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Research Papers

Evaluation of Feedback Enabled Active Colonoscopy Training Model

[+] Author and Article Information
Ravindra Kale

Research Assistant
Mechanical Engineering Department,
Ohio University,
Athens, OH 45701

David Koonce

Associate Professor
Industrial Systems Engineering Department,
Ohio University,
Athens, OH 45701

David Drozek

Assistant Professor of Surgery,
Department of Specialty Medicine,
Ohio University Heritage College of
Osteopathic Medicine,
Athens, OH 45701

JungHun Choi

Assistant Professor
Mechanical Engineering and
Biomedical Engineering Program,
Ohio University,
Athens, OH 45701

Manuscript received September 24, 2012; final manuscript received June 11, 2013; published online September 24, 2013. Assoc. Editor: Carl A. Nelson.

J. Med. Devices 7(4), 041008 (Sep 24, 2013) (7 pages) Paper No: MED-12-1116; doi: 10.1115/1.4024831 History: Received September 24, 2012; Revised June 11, 2013

The objective of this research is to evaluate the efficacy of an active colonoscopy training model (ACTM). Colonoscopy is a widely utilized procedure for diagnosing diseases of the lower gastrointestinal tract. Since colonoscopy is a difficult procedure to teach, as well as learn, simulators are often used to teach and practice the procedure. To make learning and assessing the procedural skills easy and interactive, an active training model was developed and evaluated. To measure the applied force and the time to complete the procedure, load cells and light detecting sensors were installed in the training model and were interfaced with a data acquisition system. The user interface was programmed in LabVIEW to record the force data and time taken to complete the procedure. Thirty medical students were recruited to perform a series of three colonoscopies on the ACTM. These students were instructed how to handle the equipment and perform the colonoscopy. The procedure was also performed by experienced endoscopists to establish a benchmark. The collected data were analyzed to determine the effectiveness of the device to (1) distinguish between the participants based on their level of expertise, and (2) to detect improvement in skill of the students with repetitive sessions with the device. The results of this research may be useful to show that the ACTM may be an effective tool to integrate in to the medical training program of medical studies. It can be possibly used for evaluating the skill sets, as well as practicing the procedure before a novice surgeon performs the procedure on a patient.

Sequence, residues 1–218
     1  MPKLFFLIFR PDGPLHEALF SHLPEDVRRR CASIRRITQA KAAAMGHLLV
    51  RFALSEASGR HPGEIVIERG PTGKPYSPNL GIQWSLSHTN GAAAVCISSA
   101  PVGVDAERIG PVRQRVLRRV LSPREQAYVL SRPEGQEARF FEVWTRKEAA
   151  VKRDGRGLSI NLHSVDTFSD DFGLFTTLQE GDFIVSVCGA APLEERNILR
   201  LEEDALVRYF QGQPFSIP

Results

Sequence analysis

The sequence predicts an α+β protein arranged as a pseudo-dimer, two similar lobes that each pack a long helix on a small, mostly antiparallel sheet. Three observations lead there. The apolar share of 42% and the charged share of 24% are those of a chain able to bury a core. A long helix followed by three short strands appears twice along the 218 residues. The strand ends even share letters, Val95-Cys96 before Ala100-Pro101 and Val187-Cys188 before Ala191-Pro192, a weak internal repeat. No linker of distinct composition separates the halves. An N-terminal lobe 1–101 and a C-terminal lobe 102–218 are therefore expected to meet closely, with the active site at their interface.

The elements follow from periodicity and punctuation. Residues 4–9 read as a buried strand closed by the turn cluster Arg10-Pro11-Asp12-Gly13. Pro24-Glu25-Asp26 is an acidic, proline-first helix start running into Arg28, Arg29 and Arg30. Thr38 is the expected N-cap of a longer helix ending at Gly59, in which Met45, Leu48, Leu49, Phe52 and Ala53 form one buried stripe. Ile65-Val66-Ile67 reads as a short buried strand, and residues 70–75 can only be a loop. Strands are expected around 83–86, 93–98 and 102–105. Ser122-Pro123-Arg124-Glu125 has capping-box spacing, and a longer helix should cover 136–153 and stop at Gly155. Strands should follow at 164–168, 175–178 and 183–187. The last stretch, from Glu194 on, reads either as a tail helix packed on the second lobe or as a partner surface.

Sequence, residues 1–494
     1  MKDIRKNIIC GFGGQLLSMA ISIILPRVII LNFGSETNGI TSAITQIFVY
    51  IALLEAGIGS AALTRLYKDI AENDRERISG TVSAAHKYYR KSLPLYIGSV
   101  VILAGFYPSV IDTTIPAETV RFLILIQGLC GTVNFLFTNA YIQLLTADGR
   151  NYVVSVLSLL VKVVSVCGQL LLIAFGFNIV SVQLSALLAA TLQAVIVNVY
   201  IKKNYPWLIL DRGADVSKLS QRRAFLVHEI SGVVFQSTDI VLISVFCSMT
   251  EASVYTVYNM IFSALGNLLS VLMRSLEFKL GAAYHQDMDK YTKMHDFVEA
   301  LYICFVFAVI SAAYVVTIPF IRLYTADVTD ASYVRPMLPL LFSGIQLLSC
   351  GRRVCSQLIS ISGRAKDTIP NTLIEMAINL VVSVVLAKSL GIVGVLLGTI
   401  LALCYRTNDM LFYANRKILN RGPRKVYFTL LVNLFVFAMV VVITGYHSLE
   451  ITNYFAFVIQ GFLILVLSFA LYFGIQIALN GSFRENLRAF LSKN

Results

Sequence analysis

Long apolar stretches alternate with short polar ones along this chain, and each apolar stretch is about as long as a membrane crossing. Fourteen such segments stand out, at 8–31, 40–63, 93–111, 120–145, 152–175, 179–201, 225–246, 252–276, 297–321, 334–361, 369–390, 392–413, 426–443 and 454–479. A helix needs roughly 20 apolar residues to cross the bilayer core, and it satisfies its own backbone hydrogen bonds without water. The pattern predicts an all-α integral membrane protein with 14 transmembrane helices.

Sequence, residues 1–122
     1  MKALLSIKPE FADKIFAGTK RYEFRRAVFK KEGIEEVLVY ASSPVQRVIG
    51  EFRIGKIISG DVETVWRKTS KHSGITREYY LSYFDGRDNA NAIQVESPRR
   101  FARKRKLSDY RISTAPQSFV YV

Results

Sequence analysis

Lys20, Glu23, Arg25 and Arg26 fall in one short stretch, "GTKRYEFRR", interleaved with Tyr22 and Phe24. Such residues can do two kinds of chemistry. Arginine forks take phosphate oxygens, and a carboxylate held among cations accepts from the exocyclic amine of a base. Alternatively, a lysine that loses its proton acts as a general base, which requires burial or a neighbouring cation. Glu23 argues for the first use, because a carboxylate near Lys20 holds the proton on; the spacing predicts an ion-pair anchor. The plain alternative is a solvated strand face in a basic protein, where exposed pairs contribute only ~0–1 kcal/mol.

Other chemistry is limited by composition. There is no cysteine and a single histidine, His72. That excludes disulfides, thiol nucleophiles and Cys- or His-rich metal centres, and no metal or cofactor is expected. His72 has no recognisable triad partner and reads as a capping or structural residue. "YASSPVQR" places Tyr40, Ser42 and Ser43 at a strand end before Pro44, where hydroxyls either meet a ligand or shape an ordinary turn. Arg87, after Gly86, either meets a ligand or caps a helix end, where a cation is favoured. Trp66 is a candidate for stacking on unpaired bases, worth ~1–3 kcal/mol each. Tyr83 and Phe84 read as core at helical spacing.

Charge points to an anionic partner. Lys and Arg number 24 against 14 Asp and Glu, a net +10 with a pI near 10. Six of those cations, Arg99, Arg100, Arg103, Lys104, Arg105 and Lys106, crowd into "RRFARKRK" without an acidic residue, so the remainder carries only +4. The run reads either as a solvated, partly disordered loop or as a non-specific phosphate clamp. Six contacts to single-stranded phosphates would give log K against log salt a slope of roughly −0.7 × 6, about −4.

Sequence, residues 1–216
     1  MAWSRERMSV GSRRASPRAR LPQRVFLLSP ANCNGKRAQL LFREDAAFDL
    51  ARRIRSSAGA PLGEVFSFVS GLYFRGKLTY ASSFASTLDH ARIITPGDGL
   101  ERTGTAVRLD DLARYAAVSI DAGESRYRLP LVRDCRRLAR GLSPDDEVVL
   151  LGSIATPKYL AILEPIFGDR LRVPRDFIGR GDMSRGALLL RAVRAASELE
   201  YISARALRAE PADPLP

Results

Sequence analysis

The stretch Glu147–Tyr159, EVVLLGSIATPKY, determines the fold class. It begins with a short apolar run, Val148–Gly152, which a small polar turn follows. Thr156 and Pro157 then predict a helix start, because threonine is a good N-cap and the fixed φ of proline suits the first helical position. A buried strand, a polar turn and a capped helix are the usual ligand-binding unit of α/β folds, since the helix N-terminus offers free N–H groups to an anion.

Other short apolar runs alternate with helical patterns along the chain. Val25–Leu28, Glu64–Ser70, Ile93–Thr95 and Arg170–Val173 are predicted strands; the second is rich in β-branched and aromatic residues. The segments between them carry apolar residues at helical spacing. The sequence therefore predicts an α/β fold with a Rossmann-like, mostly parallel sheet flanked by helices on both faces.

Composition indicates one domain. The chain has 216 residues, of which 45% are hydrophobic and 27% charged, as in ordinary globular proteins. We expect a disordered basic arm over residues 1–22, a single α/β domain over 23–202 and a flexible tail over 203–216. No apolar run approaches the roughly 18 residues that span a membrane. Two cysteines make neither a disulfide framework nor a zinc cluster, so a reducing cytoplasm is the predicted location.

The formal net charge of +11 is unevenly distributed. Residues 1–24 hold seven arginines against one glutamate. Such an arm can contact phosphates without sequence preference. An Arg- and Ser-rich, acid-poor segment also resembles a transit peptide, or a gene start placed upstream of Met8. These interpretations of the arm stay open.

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Figures

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Fig. 1

The active colonoscopy training model. In the colonoscopy platform, 10 force sensors and 24 light detecting sensors were installed. The force sensors are embedded in the body of mannequin (colonoscopy platform) and are triggered when the black rings are placed on tension. The light detecting sensors (photocells) are attached on the silicone colon for the localization of the distal tip.

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Fig. 2

Load cells installed in the colonoscopy platform [28]. The load cells were installed and embedded in the platform and interfaced with the load cell drivers connected to the data acquisition system.

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Fig. 3

LabVIEW Front Panel developed for the ACTM. User interface programmed in LabVIEW to collect and record the data. This front panel displayed the real time force values, real time warnings, and the duration of time required by the participant in a specific part of the colon.

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Fig. 4

Average forces in the parts of the colon. The figure shows the average forces recorded in the parts of the colon in three trials of the colonoscopy performed on the ACTM.

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Fig. 5

Percentage decrease in time required to advance the colonoscope through the parts of the colon during the three trials. The average time required in each part of the colon in trial 1 is considered as base and the time required in trial 2 and trial 3 is plotted as shown.

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